Not me. Definitely not me. I hate millionaires. I spit on their leather Jimmy Choo shoes and barf in their Louis Vuitton handbags, because my shoes and bags are better. Even though they might be from Target. Even though they sometimes squeak when I walk. Even though things tend to get lost inside my purse’s ripped liner.
Whatever. I like rips. I like squeaks. I like digging around for lost lipstick for a full thirty minutes. But I do not like millionaires. And I certainly do not like mega-ones.
So it was that when I woke up on Saturday morning to find out that someone else—not me—was now an uber-bajillionaire, I didn’t care at all. If the phrase “I didn’t care at all” translates into “I’m so freakin’ jealous.” And then when I found out that three people were sharing the money, I nearly turned green with it. Envy, that is. Because that reality hit even harder. Three people were now overnight gazillionaires? And one of them lives in a state that touches mine? If only I were from Kansas (now there’s a line I never thought I’d type), it totally could’ve been me. If only I’d picked all different numbers, I totally could have won. But apparently I suck at picking numbers, ‘cause not even one of mine matched the winning ticket.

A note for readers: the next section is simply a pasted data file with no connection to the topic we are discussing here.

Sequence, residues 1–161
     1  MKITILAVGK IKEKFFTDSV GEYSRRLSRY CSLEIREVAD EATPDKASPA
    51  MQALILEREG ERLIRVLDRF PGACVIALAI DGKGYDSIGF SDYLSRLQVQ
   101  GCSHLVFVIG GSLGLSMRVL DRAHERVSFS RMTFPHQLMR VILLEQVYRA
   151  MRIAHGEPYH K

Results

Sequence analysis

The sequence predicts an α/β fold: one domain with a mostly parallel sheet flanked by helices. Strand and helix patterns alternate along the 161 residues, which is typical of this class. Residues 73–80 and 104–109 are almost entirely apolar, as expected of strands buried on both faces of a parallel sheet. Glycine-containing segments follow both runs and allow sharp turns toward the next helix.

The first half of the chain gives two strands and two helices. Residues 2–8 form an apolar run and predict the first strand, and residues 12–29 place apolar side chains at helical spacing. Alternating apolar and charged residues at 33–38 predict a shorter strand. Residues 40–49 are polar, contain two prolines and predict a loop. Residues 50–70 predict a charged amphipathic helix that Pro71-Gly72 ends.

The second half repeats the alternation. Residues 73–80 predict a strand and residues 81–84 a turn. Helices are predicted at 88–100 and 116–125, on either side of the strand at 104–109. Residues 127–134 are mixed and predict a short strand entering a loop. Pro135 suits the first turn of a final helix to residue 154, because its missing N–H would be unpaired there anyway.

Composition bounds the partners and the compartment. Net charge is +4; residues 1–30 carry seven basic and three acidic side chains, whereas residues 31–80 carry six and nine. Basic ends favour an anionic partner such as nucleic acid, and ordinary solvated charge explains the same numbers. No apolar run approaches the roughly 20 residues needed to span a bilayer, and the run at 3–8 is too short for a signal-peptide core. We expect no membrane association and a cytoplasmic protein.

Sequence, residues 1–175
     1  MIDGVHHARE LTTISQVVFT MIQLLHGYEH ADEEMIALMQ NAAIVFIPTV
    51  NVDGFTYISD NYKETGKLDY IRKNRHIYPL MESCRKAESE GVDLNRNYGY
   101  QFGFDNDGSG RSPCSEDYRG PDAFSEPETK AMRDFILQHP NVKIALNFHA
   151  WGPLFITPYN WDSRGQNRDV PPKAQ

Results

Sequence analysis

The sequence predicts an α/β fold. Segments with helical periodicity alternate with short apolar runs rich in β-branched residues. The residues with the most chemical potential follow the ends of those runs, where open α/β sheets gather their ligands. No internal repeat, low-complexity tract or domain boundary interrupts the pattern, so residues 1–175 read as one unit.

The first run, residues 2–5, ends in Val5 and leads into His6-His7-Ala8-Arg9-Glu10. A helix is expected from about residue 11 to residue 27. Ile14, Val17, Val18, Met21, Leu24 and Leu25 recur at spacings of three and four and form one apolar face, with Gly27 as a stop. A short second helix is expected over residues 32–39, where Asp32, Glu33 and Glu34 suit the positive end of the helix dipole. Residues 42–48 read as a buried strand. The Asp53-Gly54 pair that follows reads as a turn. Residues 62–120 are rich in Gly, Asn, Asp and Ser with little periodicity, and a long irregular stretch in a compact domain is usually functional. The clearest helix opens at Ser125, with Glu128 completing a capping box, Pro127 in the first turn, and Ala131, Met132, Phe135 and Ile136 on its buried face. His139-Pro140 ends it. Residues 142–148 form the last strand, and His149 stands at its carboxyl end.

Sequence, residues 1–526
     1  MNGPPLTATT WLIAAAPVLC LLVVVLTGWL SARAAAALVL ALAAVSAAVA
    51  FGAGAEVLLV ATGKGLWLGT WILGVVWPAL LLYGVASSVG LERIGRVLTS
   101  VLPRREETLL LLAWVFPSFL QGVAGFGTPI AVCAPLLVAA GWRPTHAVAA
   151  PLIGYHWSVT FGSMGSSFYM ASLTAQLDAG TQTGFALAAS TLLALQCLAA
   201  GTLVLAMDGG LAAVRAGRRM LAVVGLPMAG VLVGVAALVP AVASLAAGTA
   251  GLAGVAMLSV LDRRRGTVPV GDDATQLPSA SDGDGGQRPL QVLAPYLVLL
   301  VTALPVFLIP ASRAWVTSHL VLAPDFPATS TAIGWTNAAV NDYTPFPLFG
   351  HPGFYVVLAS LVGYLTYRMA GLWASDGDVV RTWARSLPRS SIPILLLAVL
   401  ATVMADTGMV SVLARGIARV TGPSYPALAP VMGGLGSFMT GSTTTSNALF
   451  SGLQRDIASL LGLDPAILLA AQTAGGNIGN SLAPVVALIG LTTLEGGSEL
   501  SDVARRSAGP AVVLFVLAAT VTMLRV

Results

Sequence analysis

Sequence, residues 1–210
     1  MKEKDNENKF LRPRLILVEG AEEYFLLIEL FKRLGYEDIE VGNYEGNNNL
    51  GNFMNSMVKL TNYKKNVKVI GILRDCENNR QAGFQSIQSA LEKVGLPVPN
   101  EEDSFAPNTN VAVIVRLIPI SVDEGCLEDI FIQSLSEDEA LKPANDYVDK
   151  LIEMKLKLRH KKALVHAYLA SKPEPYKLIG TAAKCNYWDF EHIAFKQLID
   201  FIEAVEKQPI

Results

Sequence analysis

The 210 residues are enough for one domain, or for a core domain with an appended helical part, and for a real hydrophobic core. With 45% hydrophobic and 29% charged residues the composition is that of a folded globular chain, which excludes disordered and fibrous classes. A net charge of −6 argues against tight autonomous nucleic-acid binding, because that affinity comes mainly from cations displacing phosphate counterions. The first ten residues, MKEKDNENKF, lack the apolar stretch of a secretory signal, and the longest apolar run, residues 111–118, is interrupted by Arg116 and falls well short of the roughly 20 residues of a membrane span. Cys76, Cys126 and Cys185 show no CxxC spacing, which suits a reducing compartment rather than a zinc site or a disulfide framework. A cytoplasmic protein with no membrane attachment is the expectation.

And that’s why kids should really pay more attention in math. If my story can help even one child study harder in school, then my pain and suffering will have been worth it. Work hard, kids. Apply yourselves. Because you never know when you might need the gift of math later in life. Like, when it comes time to gamble.
Okay, so maybe that isn’t the best life lesson ever.
So with my lottery fantasies dashed (I was gonna take a trip to Europe. Backpack across Australia. Have a full-body wax, just ‘cause I could. Hire a maid. A chef. A gardener) I fell headlong into reality and spent this weekend planting flowers. Without a gardener to help me. Life. It just isn’t fair.
But alas, my husband and I banded together, and now my back yard has transformed itself from a scene straight out of Sanford and Son to something I can now walk into without cringing. We planted trees. Flowers. Herbs that I bought at Home Depot because they were having a rockin’-sale. Cilantro was half-off! Tomatoes were half-off! Basil was half-off! Peppers were half-off! And Sam’s had a do-it-yourself garden thingy for—not half off—but for cheap!
So I bought all of it. And it’s still sitting there on my back porch. Staring at me. Waiting…hoping for someone to plant it and give it a home. But I haven’t yet, because really…I’m kinda afraid to. Because what do I know about gardening? What do I know about cilantro? What do I know about peppers?
Not much, that’s what.
A chef totally would have known.